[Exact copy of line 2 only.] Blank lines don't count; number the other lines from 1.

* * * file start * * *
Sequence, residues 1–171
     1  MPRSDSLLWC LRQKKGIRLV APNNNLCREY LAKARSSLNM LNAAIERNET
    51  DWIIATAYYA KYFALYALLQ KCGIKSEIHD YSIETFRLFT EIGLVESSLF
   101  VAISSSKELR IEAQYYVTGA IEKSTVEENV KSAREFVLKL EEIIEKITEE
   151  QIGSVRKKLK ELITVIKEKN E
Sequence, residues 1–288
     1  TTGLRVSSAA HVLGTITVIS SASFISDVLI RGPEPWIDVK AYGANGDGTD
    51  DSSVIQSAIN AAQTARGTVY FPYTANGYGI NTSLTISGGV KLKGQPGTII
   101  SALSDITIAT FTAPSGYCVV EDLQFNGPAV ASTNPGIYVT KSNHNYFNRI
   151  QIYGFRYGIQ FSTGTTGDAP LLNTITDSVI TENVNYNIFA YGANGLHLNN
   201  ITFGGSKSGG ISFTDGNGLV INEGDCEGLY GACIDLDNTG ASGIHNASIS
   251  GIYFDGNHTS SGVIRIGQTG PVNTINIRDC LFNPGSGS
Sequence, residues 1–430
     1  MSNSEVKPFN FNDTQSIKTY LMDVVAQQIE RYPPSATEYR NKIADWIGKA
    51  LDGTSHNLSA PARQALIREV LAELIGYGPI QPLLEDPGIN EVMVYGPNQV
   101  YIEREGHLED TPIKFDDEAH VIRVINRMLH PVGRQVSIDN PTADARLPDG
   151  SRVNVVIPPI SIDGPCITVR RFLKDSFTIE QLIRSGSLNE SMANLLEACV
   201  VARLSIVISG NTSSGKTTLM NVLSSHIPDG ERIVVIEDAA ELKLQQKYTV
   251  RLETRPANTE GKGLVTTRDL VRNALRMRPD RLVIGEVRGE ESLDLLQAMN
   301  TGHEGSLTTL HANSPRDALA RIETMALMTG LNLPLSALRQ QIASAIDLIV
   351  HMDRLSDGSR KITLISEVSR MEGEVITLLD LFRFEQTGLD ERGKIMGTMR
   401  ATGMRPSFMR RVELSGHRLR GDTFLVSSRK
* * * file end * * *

     1  MPRSDSLLWC LRQKKGIRLV APNNNLCREY LAKARSSLNM LNAAIERNET